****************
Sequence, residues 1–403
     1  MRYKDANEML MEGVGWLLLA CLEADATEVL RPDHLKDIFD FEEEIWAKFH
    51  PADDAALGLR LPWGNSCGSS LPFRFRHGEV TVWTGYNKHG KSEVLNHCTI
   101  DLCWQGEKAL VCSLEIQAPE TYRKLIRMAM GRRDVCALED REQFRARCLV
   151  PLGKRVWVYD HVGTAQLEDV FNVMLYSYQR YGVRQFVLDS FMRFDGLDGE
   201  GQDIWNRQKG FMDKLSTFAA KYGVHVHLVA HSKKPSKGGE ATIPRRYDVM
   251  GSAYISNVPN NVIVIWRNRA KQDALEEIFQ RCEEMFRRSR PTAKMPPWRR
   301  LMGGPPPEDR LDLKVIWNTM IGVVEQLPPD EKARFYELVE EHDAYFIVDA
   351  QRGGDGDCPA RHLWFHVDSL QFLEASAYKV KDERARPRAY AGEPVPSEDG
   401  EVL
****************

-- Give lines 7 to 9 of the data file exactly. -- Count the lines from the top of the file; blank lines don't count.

   251  GSAYISNVPN NVIVIWRNRA KQDALEEIFQ RCEEMFRRSR PTAKMPPWRR
   301  LMGGPPPEDR LDLKVIWNTM IGVVEQLPPD EKARFYELVE EHDAYFIVDA
   351  QRGGDGDCPA RHLWFHVDSL QFLEASAYKV KDERARPRAY AGEPVPSEDG